However, if another train comes in with a major fault which cannot be fixed overnight, then there is a risk that they will be one set short come the morning, and train cancellations may ensue. This is why it is so important to know in advance and get the train concerned into the workshop as soon as it arrives to give the maximum time to work on it. It also gives the planners the opportunity to reallocate trains to services in the morning, so the one with the problem can be ‘last out’.
Faults are prioritised. ‘Mandatory’ is naturally the highest priority as operating procedures, not to mention insurers, won’t allow such a train to be used. ‘Performance Affecting’ comes next – a train can run but with restrictions. For example, if one traction motor is out, the train is still safe to use but may not reach its top speed resulting in longer journey times.
The lowest priority is ‘Customer Related’. This can be something such as a non-functioning toilet door. The train is quite capable of being operated, but the problem needs to be sorted as soon as is practicable.
Incidentally, two non-functioning toilet doors, particularly if they are disabled toilets, will bump the priority up to ‘Performance Affecting’.
All of this is laid out on the display board. Each train is allocated to a bay in the workshop or in the yard, and the team of engineers allocated. Every process is marked down, and labelled complete as the night progresses. It is a very practiced operation, with regular comments and all of the train numbers being on magnetic panels and other, more individual comments being added by hand.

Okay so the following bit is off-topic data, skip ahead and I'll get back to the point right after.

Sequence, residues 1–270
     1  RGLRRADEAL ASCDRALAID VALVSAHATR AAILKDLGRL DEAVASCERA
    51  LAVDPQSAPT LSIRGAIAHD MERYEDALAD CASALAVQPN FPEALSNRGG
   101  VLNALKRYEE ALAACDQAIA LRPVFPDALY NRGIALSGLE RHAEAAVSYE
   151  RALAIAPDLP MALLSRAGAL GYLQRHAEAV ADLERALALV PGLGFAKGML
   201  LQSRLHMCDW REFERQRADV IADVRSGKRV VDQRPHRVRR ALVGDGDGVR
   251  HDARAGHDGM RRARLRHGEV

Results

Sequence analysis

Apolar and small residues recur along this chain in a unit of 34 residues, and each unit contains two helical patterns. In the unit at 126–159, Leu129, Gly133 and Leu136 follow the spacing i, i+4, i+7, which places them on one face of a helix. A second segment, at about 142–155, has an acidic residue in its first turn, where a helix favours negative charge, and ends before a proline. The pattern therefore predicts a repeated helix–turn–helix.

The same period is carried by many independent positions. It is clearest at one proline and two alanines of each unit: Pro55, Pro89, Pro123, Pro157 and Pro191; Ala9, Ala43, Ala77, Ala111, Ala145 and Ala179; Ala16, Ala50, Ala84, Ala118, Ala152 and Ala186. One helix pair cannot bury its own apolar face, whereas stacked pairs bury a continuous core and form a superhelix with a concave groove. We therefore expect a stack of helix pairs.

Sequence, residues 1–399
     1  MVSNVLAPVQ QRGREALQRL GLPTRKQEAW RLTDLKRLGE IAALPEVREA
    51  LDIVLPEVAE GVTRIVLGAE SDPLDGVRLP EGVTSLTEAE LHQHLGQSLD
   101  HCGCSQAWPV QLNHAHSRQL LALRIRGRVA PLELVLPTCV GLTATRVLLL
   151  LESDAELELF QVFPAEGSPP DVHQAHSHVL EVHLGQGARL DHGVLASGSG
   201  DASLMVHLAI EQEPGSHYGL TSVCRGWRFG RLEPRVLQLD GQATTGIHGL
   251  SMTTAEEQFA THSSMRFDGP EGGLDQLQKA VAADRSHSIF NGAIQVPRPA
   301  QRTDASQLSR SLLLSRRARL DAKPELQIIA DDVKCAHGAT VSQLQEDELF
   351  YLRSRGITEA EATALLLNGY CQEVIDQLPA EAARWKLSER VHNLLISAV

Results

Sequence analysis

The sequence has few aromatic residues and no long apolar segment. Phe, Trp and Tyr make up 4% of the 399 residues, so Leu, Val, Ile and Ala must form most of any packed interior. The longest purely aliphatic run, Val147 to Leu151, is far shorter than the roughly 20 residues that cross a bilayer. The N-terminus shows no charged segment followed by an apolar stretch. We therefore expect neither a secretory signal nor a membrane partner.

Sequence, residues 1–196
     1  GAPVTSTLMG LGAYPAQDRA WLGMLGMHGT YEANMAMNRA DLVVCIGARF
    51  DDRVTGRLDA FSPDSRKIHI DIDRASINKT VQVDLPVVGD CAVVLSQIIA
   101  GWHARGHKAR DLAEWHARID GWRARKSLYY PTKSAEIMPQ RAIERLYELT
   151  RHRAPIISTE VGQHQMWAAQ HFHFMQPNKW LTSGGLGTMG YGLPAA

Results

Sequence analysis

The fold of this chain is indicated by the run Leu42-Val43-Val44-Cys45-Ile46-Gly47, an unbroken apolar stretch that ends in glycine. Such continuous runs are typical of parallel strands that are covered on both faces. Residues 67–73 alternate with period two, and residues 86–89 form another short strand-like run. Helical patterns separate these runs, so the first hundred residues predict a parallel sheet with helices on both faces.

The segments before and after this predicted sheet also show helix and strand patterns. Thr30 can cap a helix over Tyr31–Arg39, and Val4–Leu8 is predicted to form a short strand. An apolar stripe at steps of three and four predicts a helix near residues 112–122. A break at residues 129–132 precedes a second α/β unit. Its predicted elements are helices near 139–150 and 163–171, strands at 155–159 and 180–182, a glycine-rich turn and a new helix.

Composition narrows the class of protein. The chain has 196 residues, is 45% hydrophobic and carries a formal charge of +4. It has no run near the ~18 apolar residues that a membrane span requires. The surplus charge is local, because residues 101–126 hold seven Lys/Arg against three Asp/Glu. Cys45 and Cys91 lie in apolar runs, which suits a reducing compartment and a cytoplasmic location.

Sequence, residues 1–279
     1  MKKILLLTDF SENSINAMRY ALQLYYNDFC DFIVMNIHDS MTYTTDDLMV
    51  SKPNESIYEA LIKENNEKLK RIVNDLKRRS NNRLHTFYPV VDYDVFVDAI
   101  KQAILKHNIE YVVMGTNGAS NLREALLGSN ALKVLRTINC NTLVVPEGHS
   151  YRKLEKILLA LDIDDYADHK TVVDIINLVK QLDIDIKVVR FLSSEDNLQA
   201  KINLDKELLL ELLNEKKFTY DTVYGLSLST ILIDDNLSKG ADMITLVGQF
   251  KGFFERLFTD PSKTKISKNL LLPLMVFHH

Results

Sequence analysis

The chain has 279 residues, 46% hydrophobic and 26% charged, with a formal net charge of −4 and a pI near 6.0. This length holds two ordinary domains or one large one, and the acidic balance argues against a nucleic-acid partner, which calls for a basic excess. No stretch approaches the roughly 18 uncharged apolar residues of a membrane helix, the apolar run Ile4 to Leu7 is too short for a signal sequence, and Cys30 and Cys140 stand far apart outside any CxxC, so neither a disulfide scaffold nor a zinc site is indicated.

It is thus immediately apparent when any train has missed a milestone and additional resources can be directed to help mitigate the problem.
And there’s more
A couple of other processes are carried out as well. A team of three or four people are on ‘hotel standards’ – they walk the trains looking for torn seat covers, worn carpet, frayed decals, poor lighting and untidy or dirty areas, so that most can be addressed before the train returns to service and those that will take longer are programmed in for another night. They take pride in every train looking as good as it possibly can.
Another team, auditors from Lloyd’s Register, make periodic inspections to ensure that standards, both in presentation and in engineering, are maintained.
At the end of the night, trains start to return to service, The depot team is still talking with the planners – a train that needed more work than expected is running late, can it go out unwashed? It seems like a minor question, but it still needs the concession to be approved by both Alstom and Virgin.
So, by booking faults in advance, the workshop process is made much less fraught and more efficient. In addition, all of the reporting means that incipient faults are caught earlier. The time between failures on the fleet has increased from one every 16,000 miles to one every 35,000.
The Alstom team is not content with this though. Chris Collins has a simulator, a bank of racked servers and equipment that replicate everything on a train. Software is tested and retested and, once approved by both Virgin and Angel Trains (the Pedolinos’ owners), it is released around the fleet once or twice a year.
There is also a laser-operated brake pad monitoring system under trial as part of a ‘health hub’. This includes the remote inspection of everything on the train from pantographs to aerodynamic skirts.
So there is much more to come.